The unexpected “retirement, resignation, renouncement, stepping down” of Emeritus Pope Benedict XVI gave me pause, although I can't compare my reasons or circumstances for a potential course adjustment with his. He faced the reality of his own increasing physical frailty and diminishing energy due to his age. I empathize with that. I'm two years older than he, but thank God, still comparatively energetic despite being a longtime cancer survivor. He explained that he was “stepping down and stepping back in order to step up.” Following what He believed was God's leading, He resigned his public calling as Pope to spend the rest of his life in isolation, contemplation, and prayer. At the same time, many have encouraged him to continue his important writing.
Well, I'm not ill in any debilitating sense at present, but my “earth suit” has begun to protest the long hours at the computer. I've been trying to alleviate the creaks and groans and pain in my lower back. I sense that God's editing is coming in part as a tap on the shoulder from that direction—I've been advised to scale down the length of time I spend sitting at my computer!
The Pope Emeritus has retreated to a monastery. I'm sure God isn't leading me to enter a convent! And I don't envision that He wants me to stop writing. I think the still, small voice of God is a nudge to somewhat moderate my pace while accelerating my spiritual pace. I hope to learn to walk and work at a more realistic daily stride in line with my season of life.
I don't exactly know how to do that! I've always been a race horse, a self-goal-setter, deadline-meeter, and high achiever. A Chinese proverb describes such a life as “galloping on horseback through a field of beautiful flowers.” You can't “smell the roses” that way and might even trample on them. Besides, you are likely to wear out the horse! I realize how seldom I allow time for non-work. I understand G.K. Chesterton when he said, “I never have enough nothing to do.” I can learn from Jesus when He called His disciples to come apart for rest and restoration after they returned from doing the work He had given them.
“Let your moderation [temperance] be known unto all. The Lord is near [at hand, coming soon]” (Philippians 4:5 in various translations). Perhaps my “nose-to-the-grindstone” intensity and productivity is better “known to all” than my moderation. That is nothing to be proud of. Temperance is defined as “showing self-restraint in action, exercising self-control, not being extreme.” In Galatians 5:23 temperance is listed as one of the fruits of the Holy Spirit. Intemperance, therefore, is lack of moderation, overindulgence, excess in anything even something positive and good. If I lack temperance, one of the essential Spirit fruits has fallen off my life tree.
I find it extremely difficult to change lifelong overwork habits. Adjustments may not go smoothly. I will have to exercise strong self-discipline. I may slip back into pushing myself to meet self-deadlines and reach worthy goals. I know I can't go “cold turkey” and modify my lifestyle all at once. I can expect withdrawal challenges. God helping me, I'm going to pray and try to gradually reshape my days and refine my priorities according to the Lord's editing to achieve better balance. Along with scaling down my computer sitting/writing time, I hope to edit in more time to refresh and restore myself physically, spiritually, and every other way to achieve better balance. (Perhaps!)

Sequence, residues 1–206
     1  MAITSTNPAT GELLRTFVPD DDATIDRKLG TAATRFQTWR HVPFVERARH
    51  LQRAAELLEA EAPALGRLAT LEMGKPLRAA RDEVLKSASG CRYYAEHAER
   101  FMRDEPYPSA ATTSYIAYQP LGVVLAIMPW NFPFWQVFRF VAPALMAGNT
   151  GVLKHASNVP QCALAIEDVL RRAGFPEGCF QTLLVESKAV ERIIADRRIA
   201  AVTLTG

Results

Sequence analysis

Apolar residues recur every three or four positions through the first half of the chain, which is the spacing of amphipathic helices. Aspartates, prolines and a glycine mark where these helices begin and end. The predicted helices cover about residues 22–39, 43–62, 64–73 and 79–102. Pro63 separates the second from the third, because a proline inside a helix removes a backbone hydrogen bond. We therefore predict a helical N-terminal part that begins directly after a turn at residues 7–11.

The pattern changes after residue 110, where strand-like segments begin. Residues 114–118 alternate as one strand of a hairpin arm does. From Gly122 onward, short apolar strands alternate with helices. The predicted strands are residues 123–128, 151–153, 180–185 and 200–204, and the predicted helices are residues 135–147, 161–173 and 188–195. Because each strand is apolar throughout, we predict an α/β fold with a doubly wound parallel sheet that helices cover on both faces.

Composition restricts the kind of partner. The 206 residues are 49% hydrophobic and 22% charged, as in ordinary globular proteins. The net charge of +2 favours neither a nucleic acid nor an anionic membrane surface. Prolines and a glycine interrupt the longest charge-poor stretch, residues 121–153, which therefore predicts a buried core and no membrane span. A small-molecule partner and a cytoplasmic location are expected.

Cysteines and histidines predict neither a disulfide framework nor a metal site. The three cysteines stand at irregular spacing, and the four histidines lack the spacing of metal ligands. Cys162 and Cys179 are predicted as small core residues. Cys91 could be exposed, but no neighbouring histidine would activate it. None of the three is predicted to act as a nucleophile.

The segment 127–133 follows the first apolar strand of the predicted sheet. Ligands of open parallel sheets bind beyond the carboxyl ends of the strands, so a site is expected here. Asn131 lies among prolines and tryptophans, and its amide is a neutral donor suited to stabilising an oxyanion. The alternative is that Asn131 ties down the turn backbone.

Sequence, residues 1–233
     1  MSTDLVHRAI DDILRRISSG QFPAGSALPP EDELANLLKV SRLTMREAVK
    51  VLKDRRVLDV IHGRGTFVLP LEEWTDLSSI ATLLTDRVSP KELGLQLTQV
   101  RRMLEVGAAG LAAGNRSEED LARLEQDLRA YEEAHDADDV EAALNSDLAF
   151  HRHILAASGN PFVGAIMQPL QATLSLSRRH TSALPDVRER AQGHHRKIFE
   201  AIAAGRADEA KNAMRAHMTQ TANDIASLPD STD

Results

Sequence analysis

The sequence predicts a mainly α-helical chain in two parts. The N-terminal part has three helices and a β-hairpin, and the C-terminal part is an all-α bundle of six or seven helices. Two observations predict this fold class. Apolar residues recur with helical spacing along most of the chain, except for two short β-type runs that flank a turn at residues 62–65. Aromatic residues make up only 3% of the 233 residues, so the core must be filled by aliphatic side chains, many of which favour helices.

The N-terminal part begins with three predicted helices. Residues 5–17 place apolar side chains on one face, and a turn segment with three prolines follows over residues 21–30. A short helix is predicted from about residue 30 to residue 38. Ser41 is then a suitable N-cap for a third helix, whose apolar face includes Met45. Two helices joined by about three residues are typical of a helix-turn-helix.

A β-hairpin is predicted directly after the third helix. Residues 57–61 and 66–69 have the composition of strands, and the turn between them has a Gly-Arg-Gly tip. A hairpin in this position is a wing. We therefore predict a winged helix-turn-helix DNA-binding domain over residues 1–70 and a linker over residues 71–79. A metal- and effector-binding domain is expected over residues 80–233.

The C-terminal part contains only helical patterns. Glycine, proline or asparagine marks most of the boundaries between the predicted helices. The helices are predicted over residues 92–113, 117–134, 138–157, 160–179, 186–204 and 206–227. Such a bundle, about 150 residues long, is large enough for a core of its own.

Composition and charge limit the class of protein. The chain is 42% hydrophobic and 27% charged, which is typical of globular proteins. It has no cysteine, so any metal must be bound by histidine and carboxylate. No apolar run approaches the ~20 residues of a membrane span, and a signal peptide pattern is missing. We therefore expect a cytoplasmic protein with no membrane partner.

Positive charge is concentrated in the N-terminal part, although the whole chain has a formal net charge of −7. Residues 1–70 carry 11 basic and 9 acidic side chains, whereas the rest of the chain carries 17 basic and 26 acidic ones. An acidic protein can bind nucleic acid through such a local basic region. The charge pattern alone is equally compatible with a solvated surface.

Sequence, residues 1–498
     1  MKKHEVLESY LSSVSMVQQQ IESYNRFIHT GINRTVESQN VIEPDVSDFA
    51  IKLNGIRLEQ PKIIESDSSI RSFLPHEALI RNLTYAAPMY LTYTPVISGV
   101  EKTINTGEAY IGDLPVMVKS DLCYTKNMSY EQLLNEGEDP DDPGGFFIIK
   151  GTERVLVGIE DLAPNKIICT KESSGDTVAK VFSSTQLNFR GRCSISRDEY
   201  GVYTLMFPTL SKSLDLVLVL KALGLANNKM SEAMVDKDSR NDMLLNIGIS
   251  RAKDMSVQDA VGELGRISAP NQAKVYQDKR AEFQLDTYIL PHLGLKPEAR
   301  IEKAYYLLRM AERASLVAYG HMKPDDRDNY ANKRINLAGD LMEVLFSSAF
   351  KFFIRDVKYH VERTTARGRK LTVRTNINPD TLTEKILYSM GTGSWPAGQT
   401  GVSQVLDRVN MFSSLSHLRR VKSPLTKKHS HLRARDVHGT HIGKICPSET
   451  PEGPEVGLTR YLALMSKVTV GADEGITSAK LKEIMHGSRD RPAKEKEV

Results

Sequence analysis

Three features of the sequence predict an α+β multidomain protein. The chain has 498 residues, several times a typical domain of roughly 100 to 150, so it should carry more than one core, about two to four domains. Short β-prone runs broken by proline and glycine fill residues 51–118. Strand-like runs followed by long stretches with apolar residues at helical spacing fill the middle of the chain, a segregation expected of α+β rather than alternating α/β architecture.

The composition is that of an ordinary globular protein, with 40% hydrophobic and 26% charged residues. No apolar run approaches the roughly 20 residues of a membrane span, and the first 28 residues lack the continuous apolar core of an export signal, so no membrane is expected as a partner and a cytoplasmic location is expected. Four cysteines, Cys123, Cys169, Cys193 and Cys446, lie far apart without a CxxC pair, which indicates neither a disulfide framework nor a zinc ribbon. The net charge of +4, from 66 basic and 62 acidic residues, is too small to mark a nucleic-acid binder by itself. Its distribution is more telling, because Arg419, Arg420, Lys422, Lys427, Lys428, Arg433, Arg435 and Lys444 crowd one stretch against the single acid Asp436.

The above may not sound like a very big deal to some, but for me it borders on the drastic! My desire is to do the complete will of God and to produce the maximum spiritual fruit for Him the rest of my way Home. Here's the sticky part for me: I believe I really have, to this point, written and published and done the will of God according to what I understood of His purpose for my life. At the same time, I haven't written and done all that I myself hoped or still want to write and do for the Lord.
So I asked some of my dear special friends to pray for me as I pray for myself:
“Lord, grant me wisdom to know the difference between Your will and my will and give me the strength and discernment to press on to accomplish YOUR will as You reveal it to me. I give You permission to “edit” my life in any way that will please You.”
Some friends responded immediately with good advice along with the promise of their prayers helping me toward a proper perspective. One friend put it this way: "Each morning ask the Lord for wisdom to face that unique, new "unEDITed" day and let God EDIT it Himself so that you may be a crEDIT to Him!"
That sounds like good spiritual and practical advice: Perhaps I shouldn't be as concerned about making some sweeping, drastic, overall lifestyle changes or work-style decisions. Each day I will look to the Lord for His specific will for that day whether He wants me to walk or run, work or play, write at my computer (or how long!) or minister to a neighbor, restore myself or help bear the burden of a friend, etc.
The main thing is to let the Lord hold my hand daily and determine that day's pace—or to accept multiple paces within one day.
Of course! Really good common sense and spiritual wisdom!